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Shopping for Safety: Providing Consumer Automotive Safety Information Development of a Process To Stimulate Better Consumer Safety Information and Safer Cars Finally, there are a number of organizational considerations that must be addressed in any effort to develop the measures outlined. Development of summary measures of vehicle safety for consumers should not be viewed as an end in itself but rather as part of a continuing long-term process to yield both better consumer information and safer cars. The Secretary of the Department of Transportation (DOT) should encourage automobile manufacturers and the insurance industry, among others, to join NHTSA in a voluntary effort to achieve these goals. Congress should initiate the process with a formal request and appropriate funding, charging DOT to ensure the development by 2000 of reliable summary vehicle safety measures and a mechanism for continuing improvements. The secretary would issue a progress report to Congress in 18 months and determine the most appropriate organizational structure to carry the program forward. If for any reason the voluntary process reaches a stalemate, legislative action would be necessary. Two organizational approaches to oversee the process were identified as most desirable: (a) establishment of a federal advisory committee and (b) creation of a public-private Automotive Safety Institute (ASI). The functions of the two organizations would be the same—development of improved vehicle safety information, including summary safety measures, and dissemination strategies. They would also develop a program of long-term applied research leading to advances in crash testing, design procedures, and vehicle technologies to yield better safety measures and safer automobile designs. With a NHTSA-appointed advisory committee, the process could start quickly with a modest annual investment of $1 million to $2 million and NHTSA staff support. The ASI approach, which would involve a partnership between NHTSA, the automobile manufacturers selling in the U.S. market, and the insurance industry, probably offers the best chance of achieving a sustained long-term program. However, a new institute would be more difficult to establish and could cost more. Under either alternative, a fully operational program of research and vehicle testing and design initiatives would require annual resources of $10 million to $20 million or more, most of which could be expected to come from participating industries.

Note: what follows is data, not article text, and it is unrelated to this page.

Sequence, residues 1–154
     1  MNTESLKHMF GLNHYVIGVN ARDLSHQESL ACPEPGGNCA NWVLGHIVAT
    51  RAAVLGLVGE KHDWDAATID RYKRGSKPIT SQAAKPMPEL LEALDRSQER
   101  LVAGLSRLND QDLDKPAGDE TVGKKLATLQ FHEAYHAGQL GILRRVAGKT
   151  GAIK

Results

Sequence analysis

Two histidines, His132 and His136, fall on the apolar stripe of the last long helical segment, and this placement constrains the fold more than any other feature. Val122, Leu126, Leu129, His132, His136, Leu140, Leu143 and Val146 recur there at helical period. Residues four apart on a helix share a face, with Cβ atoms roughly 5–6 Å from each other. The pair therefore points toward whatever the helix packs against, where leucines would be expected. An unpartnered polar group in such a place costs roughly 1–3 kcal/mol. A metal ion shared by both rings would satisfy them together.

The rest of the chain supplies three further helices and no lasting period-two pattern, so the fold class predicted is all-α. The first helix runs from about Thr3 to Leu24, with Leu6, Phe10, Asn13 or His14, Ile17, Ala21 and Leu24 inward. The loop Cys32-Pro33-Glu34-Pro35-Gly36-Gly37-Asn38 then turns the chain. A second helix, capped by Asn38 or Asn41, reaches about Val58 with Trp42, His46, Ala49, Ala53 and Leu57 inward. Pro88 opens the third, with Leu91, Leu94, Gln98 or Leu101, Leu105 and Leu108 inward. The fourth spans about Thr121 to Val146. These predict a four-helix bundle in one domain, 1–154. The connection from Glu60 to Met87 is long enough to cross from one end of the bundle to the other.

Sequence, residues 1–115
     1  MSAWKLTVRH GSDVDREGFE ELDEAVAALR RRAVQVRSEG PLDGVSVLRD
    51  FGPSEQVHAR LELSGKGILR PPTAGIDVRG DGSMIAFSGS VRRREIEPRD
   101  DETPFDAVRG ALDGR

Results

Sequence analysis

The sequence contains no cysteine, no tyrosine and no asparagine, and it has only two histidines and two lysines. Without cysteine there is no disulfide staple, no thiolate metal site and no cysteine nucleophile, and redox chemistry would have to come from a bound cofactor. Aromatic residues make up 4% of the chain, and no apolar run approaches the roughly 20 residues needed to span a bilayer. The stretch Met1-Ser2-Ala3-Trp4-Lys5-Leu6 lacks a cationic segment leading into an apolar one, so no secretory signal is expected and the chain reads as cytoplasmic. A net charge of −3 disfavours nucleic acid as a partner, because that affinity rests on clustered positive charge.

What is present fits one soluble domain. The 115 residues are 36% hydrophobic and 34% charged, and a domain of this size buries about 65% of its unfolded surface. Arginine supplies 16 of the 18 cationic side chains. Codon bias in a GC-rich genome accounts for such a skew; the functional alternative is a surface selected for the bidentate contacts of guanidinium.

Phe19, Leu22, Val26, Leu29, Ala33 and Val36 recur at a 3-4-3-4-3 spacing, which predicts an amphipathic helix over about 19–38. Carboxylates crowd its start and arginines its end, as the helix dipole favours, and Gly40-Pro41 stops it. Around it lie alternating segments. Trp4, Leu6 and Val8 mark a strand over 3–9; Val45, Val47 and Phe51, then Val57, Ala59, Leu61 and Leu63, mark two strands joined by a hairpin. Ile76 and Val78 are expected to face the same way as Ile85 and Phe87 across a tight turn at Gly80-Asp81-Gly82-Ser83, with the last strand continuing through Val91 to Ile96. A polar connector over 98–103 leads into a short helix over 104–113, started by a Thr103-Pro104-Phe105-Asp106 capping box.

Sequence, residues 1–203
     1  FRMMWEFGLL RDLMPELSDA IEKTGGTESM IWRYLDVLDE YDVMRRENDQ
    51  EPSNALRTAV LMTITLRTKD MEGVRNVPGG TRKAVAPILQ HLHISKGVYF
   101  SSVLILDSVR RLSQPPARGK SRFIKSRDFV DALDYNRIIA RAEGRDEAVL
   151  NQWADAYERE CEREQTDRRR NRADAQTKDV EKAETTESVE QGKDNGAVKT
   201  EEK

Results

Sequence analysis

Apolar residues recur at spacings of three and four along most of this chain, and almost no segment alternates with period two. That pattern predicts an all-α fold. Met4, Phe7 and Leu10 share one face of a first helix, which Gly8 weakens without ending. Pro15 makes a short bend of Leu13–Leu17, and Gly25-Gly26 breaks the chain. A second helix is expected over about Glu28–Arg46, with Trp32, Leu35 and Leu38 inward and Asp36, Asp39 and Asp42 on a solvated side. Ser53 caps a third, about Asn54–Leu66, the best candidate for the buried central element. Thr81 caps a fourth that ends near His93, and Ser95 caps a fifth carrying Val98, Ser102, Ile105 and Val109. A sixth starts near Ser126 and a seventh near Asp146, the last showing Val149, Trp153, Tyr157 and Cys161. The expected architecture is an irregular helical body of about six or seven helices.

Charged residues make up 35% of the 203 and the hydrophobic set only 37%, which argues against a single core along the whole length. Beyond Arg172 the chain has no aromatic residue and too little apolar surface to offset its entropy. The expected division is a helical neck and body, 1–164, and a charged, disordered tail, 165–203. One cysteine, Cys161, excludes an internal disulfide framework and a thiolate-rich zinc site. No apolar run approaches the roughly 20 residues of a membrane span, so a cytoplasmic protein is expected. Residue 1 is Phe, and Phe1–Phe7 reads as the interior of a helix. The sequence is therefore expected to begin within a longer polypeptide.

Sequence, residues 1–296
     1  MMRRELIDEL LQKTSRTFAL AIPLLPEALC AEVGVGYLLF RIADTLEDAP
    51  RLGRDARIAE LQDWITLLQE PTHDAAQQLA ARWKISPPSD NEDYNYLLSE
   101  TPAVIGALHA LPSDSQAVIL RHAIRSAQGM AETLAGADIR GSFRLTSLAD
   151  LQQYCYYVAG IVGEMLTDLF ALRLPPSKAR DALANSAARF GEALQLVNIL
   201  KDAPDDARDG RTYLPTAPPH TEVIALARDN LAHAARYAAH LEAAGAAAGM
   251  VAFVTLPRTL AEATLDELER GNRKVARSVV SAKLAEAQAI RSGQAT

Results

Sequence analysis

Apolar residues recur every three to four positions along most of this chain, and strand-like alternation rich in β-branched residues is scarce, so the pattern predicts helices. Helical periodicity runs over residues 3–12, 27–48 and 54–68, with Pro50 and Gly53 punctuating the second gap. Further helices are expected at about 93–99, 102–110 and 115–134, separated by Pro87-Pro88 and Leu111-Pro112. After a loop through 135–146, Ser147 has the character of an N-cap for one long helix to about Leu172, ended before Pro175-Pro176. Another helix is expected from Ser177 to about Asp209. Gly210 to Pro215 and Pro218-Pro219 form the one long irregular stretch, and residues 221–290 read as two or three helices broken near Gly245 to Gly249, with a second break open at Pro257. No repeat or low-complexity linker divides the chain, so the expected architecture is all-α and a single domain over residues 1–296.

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Shopping for Safety: Providing Consumer Automotive Safety Information BENEFITS OF CONSUMER AUTOMOTIVE SAFETY INFORMATION A program to improve consumer vehicle safety information would have many benefits. Meaningful comparative information that is widely accessible and easy to obtain and use can provide a powerful market stimulus influencing consumer choice and manufacturer design of safer vehicles, ultimately reducing the number of fatalities and injuries. With about 15 million new passenger vehicles sold each year, there is a large potential market for clear and understandable comparative safety information. Moreover, automobile manufacturers would have an incentive to design safety improvements so their products receive good ratings on summary safety measures. Manufacturers would also benefit from a program with the potential to integrate crash test with safety information requirements and from the increased demand of more safety-conscious consumers for new cars with the most advanced safety features. The insurance industry would benefit from any reduction in claims arising from crashes. Finally, the value of even a small decline in net fatalities that could be attributed to a consumer automotive safety information program could be considerable, and, in the committee's judgment, might easily exceed the costs of supplying better information to consumers and vehicle designers. For example, using current estimates of the public's willingness to pay to reduce the risk of death in a motor vehicle crash, a $20 million per year program of research and information would only need to achieve a net mortality reduction on the order of 10 deaths per year to justify program expenditures.